Walker Preserve Trail

I wanted to get something in before the rains came later in the day. So I decided to go explore the Walker Preserve Trail out in Santee/Lakeside. I convinced Jeremy to join me on this adventure. The gates to the parking lot were closed, so we found parking along a nearby street, as all the parking along Magnolia Avenue was taken. I later learned that this parking lot is used for staging for the restoration and clean-up efforts. After passing under a nice trailhead sign, a nice gazebo stood off to the side, along with some picnic benches. Just beyond that, a water fountain for humans and another one for your dog are available. The only bathroom appears to be a port-a-potty. We passed a large group of hikers that were milling about and set off down the nice wide and well-groomed dirt path.

Houses lined the left side of the trail, but the San Diego River would appear from time to time behind the brush. The sound of various birds would fill the air as we cruised eastward. There were several informational panels posted along the way, explaining some of the history of the area, most notably the sand mining that used to occur here. There was a short spur that led to a nice bench and a lovely view of the river. It is possible to access the river at certain points, where you might find some trying their luck fishing.

The trail splits at one point and makes a tiny climb to reveal two more picnic tables under some trees. The trail rejoins again and continues onto toward the Lakeside Baseball Park. There is water here, and when the field is in use, the bathrooms are available. We continued eastward, technically leaving the Walker Preserve Trail and joining the Lakeside River Trail. The houses to the north were now replaced with warehouses. We went under Riverford Road and then passed by a pocket park. The trail made a short dog leg and then passed by the Willowbrook Golf Course. We also came across a nice wooden view deck that has a nice view of the river. There was an unhoused person sleeping there, so we let him be and continued on. When reached Channel Road, we took a short break and worked our way back to the start. On the way back, we saw someone sitting in that pocket park with their binoculars scanning the field to the west for birds. We got back to the car, having beat the rain. The entire hike was 5.9 miles, with a whopping elevation gain of 34 feet (the short climb on the side trail was really something), and we did it in just under 2 hours of moving time.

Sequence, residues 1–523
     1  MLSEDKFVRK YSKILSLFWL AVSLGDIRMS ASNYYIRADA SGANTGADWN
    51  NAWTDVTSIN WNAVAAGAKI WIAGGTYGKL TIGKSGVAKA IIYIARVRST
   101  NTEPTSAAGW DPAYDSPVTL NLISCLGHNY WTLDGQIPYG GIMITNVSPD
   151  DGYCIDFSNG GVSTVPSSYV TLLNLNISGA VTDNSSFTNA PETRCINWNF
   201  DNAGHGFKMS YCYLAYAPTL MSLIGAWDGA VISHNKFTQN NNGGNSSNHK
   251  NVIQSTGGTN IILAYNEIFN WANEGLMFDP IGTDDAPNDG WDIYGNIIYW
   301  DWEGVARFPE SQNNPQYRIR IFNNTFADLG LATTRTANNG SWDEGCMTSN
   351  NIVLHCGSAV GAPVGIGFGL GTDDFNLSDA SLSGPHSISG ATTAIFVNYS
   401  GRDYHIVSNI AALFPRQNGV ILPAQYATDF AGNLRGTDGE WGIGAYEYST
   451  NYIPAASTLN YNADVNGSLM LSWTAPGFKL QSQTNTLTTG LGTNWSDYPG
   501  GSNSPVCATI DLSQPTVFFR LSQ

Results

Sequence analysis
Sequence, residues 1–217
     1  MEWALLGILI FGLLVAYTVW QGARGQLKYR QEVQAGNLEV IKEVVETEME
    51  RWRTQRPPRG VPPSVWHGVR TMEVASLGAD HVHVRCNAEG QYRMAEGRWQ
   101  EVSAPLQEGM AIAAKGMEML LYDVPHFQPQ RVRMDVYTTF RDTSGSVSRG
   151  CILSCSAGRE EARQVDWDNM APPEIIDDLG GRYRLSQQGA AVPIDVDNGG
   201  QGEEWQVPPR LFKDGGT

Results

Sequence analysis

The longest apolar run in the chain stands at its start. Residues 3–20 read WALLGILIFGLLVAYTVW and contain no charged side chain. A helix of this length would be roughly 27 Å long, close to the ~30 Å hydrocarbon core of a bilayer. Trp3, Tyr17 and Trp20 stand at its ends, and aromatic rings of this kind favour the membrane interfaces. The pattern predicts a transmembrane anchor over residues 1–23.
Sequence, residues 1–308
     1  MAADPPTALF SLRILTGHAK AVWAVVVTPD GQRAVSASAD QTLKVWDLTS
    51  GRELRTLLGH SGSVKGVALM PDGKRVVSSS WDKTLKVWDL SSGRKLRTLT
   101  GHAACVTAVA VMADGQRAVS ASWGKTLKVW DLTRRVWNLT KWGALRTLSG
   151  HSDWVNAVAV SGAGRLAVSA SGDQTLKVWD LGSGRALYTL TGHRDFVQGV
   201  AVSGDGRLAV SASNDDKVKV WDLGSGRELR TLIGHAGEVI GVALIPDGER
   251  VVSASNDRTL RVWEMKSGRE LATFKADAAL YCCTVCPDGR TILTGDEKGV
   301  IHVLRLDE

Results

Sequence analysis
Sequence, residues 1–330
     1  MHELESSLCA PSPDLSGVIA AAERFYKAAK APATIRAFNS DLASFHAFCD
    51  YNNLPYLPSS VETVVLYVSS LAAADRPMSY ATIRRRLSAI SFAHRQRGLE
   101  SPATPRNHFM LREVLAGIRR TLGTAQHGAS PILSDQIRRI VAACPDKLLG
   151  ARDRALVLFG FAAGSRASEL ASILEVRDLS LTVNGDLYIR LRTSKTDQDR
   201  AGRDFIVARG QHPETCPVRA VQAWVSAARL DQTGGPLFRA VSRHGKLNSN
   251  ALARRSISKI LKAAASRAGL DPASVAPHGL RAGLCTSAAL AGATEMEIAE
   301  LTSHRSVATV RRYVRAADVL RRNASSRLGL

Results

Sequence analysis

I am an avid peak bagger, sometimes backpacker, and former sea kayaker living in San Diego. In 2019, I became the third person to complete the San Diego 100 Peak Challenge. Not stopping with that accomplishment, I set my sights on the harder San Diego Sierra Club 100 Peak list, which I completed in 2021. In addition, I have conquered several Six-Pack of Peaks challenges (SoCal, San Diego, Central Coast, and Arizona-Winter). Beyond attempting the San Diego Sierra Club 100 Peak list a second time, I am looking forward to exploring new summits and new adventures across the southwest. 

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